“In the past I have suffered with anxiety and low levels of self-esteem. Over a lengthy period I suffered from depression and was prescribed heavy amounts of anti-depressants. I found it really difficult to cope and it affected me in many different ways, as well as those close to me. I find being around supportive people who I can talk too and actually assisting other people, really helps me a lot.

“When I started volunteering at SAW, I helped at local weightlifting events which I really enjoyed. I remember the first competition, a school’s event, and I was one of the bar loaders. From here on I took more of an interest in the club.

“I was encouraged by the club to take the Technical Officiating course. The volunteers gave me praise and encouragement, I made new friends with other members, and I enjoyed training myself and helping out at more competitions. So I gave the officiating course a go and began helping out at larger events, like the Welsh Championships.

“I have to say that volunteering has given me a focus and I look forward to being part of what seems to be a really supportive community of weightlifting.

“Sometimes, I can’t believe how much has happened. A few years on and I am now heavily involved with weightlifting in Pembrokeshire and I officiate at Welsh, British and International events. I do really believe that being part of the weightlifting community has been vital for my mental health.

“I am now working towards the highest international officiating award and hoping to officiate at competitions such as the European and World Championships, but I still really enjoy supporting the local competitions in Pembrokeshire.

“I have also taken the coaching awards and sometimes help out at SAW. I really enjoy that too and look forward to it.

“Being a volunteer has definitely helped me with my self-confidence and I really do feel a part of a team.”

SAW’s youth member Bleddyn Gibbs, 14, is preparing for his first strength event.

Bleddyn is a pupil at Portfield Special School and a member of a satellite class at Haverfordwest High VC, and has enjoyed training at SAW for a few months now.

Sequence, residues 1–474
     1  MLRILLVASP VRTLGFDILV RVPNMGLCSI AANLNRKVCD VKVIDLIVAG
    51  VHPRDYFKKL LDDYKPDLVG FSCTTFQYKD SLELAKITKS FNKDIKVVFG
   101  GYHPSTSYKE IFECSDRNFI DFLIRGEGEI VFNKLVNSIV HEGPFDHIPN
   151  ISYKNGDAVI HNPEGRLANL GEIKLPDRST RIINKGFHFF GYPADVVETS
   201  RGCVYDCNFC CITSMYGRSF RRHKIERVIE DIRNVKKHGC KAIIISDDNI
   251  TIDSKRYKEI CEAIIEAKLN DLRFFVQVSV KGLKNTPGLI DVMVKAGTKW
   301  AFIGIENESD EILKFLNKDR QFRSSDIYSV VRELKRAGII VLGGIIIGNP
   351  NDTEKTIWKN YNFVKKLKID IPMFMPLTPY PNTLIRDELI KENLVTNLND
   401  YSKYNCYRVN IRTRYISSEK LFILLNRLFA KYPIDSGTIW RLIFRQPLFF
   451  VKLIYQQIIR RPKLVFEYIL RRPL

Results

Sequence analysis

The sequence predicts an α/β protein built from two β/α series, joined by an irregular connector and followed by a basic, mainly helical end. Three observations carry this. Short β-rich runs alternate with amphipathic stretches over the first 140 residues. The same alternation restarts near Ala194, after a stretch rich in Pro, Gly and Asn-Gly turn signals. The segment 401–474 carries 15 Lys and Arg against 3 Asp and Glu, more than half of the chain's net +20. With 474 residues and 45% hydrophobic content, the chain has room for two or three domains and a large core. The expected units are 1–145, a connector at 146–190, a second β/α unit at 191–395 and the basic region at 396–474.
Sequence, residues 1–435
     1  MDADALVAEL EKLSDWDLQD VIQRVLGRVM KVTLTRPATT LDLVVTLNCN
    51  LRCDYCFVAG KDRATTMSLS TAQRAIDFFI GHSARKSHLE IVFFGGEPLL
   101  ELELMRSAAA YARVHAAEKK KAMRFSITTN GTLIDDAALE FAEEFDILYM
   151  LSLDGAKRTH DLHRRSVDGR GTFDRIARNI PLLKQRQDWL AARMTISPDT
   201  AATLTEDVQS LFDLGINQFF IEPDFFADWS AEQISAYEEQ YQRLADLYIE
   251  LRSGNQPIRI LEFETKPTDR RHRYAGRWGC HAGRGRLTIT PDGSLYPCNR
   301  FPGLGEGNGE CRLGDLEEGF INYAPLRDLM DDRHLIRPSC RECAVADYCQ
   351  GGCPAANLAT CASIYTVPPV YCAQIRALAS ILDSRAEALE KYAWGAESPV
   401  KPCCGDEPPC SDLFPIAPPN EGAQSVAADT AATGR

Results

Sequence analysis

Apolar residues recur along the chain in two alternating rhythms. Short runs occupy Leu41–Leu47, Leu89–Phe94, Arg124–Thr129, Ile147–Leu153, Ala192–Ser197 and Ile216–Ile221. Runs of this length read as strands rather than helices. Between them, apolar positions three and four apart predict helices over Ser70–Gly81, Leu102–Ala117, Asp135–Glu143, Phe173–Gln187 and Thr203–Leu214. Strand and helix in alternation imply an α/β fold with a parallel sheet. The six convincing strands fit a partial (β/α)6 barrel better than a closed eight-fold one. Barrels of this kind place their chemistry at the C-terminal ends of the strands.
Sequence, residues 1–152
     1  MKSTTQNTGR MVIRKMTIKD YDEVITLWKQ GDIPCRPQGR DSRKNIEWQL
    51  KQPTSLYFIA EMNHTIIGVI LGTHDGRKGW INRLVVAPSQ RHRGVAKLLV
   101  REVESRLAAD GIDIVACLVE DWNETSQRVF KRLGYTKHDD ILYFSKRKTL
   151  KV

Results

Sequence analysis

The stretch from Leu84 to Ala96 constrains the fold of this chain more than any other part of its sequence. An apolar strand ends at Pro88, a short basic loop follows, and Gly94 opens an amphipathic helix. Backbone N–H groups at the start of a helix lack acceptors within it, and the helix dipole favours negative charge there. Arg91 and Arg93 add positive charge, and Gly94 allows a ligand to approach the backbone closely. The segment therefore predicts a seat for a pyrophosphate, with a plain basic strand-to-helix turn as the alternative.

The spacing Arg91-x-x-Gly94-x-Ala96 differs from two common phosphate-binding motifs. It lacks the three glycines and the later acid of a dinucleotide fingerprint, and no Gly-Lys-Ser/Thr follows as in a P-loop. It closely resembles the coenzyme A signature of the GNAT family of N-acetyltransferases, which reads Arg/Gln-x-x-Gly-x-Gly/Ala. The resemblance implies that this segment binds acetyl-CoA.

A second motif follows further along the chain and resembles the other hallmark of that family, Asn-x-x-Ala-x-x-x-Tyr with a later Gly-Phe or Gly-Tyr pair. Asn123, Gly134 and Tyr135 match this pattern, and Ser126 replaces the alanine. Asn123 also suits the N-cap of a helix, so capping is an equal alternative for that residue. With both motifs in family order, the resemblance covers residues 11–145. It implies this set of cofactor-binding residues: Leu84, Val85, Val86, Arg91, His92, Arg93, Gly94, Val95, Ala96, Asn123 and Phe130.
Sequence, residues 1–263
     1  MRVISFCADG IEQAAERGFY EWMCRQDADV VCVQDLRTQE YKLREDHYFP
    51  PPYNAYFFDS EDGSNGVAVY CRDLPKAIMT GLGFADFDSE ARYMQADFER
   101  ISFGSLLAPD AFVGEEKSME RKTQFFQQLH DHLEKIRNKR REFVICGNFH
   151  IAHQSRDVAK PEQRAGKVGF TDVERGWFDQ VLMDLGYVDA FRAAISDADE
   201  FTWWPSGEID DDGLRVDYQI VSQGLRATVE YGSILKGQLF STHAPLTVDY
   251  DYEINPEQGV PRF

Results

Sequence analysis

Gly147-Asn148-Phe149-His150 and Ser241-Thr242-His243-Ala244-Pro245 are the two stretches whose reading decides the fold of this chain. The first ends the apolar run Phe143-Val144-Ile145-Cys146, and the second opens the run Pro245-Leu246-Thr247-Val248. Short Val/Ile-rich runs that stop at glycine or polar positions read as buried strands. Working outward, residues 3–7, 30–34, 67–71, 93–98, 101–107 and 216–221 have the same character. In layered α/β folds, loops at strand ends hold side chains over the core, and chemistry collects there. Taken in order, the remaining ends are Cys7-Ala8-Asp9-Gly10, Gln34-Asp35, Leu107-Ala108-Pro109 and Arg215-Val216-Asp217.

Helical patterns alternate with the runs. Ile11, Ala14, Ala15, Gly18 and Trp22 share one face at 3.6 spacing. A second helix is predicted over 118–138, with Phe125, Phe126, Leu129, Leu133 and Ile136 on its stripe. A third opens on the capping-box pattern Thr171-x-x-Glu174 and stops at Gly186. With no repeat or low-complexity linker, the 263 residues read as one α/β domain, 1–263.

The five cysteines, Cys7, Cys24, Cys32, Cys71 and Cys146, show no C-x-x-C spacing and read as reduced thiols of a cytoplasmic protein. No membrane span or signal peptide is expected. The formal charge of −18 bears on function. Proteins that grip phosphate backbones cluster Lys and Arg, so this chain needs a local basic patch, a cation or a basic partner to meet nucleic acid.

During sessions Bleddyn works at developing powerlifting movements and assistant exercises. He has developed strength, learnt new skills, improved his knowledge of gym safety and his lifting technique.

More importantly, Bleddyn is sociable and interacts fully with members of all ages and is a valued member of SAW.

He has been receiving support and encouragement from members in his build up to his first event, the ‘Pembrokeshire Strength Festival’.

The festival is SAW’s first fundraiser to aid the development of a future programme to open up participation to those who are disadvantaged. By competing in this event, Bleddyn is helping the organisation to fundraise.

Following Bleddyn’s first competition, the club hope to enter him into Special Olympic Powerlifting competitions and have been liaising with Special Olympics Wales.

  • SAW operates an informal referral system with schools and charity groups, providing opportunities for individuals to boost well-being, return back to fitness, or tackle inactivity and obesity. The aim is to encourage individuals from disadvantaged backgrounds to use the facility.
  • In terms of the forthcoming project, plans are underway in collaboration and with the Pembrokeshire Association of Voluntary Services. The Pembrokeshire Strength Festival this July has already kick started fundraising. An online survey is available for anyone who lives in Pembrokeshire and feels disadvantaged in any way, and responses will help shape the service provided by Strength Academy Wales. The new service is planned to be in place by late 2019. To have your say on the project, visit www.strengthacademy.wales.